Opponents given ‘interested party status’ in Searsport tank review

Chandler Lippett, an attorney for DCP Midstream, gestures to an aerial photo of the Mack Point port facility in Searsport during Monday night's planning board meeting.
Chandler Lippett, an attorney for DCP Midstream, gestures to an aerial photo of the Mack Point port facility in Searsport during Monday night's planning board meeting. Buy Photo
Posted Nov. 26, 2012, at 10:19 p.m.

SEARSPORT, Maine — In the first of four meetings to gather public sentiment on the proposal to build a $40 million, 23-million-gallon liquid propane tank, the town planning board on Monday night set the stage for what will follow.

More than 150 people attended the three-hour session in the Searsport District High School cafeteria. Several police officers were posted at the meeting, but there was no conflict, and only the occasional outburst of applause when a point was made in favor of opponents.

The board voted that applicant DCP Midstream met the requirements for the review that will determine whether the project meets the land use ordinance standards. The board also granted “interested party status” to several individuals and groups that hope to persuade members that the project should be denied.

The key opponent is the group Thanks But No Tank, or TBNT, a grass-roots organization that mobilized almost a year ago to fight the project, seeking a moratorium at the March annual town meeting. The moratorium failed in a 165-297 vote.

TBNT was represented at Monday’s hearing by its attorney, Steve Hinchman. The board granted the group interested party status, which board chairman Bruce Probert explained gave it the ability to question the applicant and cross-examine the applicant’s consultants and others presenting information about the project.

Probert stressed that in the coming three meetings, anyone would be able to speak on the project, but that those with special interest status “get to sit in the box seats.”

Also granted that status was the Islesboro Island Trust, a land conservation group on the island that has opposed industrial development at Searsport’s Sears Island and Mack Point port facility because shipping serving the ports would pass by the island, and because the island’s northernmost area has views of the ports.

Albert “Buddy” Hall, owner of Angler’s Restaurant and Bait’s Motel, also was granted interested party status. His businesses abut the land for which the tank is proposed. Hall was represented by attorney Ed Bearor.

The Friends of Sears Island group, represented by member and resident Marieta Ramsdell, also was granted the status, as were resident Phyllis Sommer, owner of the Pumpkin Patch Antique store, Jay and McCormack Economy, owners of the Yard Arm Motel in Seasport, and David Italiaander, owner of a historic brick building in the downtown.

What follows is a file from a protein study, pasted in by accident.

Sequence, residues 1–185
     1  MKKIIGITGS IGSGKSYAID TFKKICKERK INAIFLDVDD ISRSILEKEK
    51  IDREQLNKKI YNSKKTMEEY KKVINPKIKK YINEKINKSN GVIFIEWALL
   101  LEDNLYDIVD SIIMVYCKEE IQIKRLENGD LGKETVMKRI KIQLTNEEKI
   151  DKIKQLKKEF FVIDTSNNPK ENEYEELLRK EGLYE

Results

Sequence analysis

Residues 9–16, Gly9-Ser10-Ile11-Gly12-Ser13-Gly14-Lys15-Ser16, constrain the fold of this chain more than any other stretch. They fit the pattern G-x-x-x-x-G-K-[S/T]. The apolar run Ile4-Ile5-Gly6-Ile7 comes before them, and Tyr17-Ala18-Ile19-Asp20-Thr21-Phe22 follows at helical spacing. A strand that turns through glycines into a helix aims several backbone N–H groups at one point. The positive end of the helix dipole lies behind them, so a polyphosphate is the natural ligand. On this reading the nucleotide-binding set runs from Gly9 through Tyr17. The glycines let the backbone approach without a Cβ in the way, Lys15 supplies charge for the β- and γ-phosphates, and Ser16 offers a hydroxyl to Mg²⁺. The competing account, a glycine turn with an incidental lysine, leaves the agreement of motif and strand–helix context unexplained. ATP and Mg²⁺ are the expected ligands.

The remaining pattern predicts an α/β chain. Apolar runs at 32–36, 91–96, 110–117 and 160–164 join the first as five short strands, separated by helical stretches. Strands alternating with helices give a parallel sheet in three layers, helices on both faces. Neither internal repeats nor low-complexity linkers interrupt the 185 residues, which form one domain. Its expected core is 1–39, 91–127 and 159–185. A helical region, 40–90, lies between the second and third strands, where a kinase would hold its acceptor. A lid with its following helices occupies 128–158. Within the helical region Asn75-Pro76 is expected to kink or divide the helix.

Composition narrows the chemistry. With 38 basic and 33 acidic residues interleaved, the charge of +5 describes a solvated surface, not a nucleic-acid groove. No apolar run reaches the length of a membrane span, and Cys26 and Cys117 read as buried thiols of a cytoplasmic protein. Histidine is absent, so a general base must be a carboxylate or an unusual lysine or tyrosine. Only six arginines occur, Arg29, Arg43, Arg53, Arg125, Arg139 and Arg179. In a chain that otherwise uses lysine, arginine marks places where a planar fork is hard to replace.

DCP Midstream’s attorney, Jamie Kilbreth, objected to several of those seeking status, arguing that the Superior Court recently dismissed a challenge to the company’s Department of Environmental Protection permit based on their lack of standing.

But Probert indicated he was taking a broader view of the process.

“I like to err on the side of letting people express themselves,” he explained.

Still, the board did reject two individuals seeking status, while others agreed to consolidate their views with TBNT.

Last month, the board voted that DCP Midstream’s application was complete, culminating months of meetings at which various studies and documentation were requested. That vote set up this week’s public hearing sessions, which will then lead to actual deliberation by the board on whether the project meets the dictates of the town ordinance.

Late during Monday night’s meeting, the board formally voted that it had the authority to review the application, and that DCP Midstream itself had standing to apply. But TBNT challenged the latter, arguing that the company held only a draft DEP permit for the pipeline that will connect the off-loading facility at the Mack Point dock to the tank about a half-mile away.

TBNT’s Hinchman noted that the ordinance requires the applicant to have all permits in hand.

The board’s attorney, Kristin Collins of the Belfast firm Kelly and Collins, agreed with Hinchman that permits are required, but advised the board that minor amendments could be considered pending and the review could continue.

The pipeline, though, sparked more questions from the board members, who asked about what rights DCP had secured to build it, as it will cross several properties and a town road.

DCP submitted a petition to the board Monday with 612 signatures supporting the project.

The public hearing process continues from 6 to 9 p.m. Tuesday at the high school.

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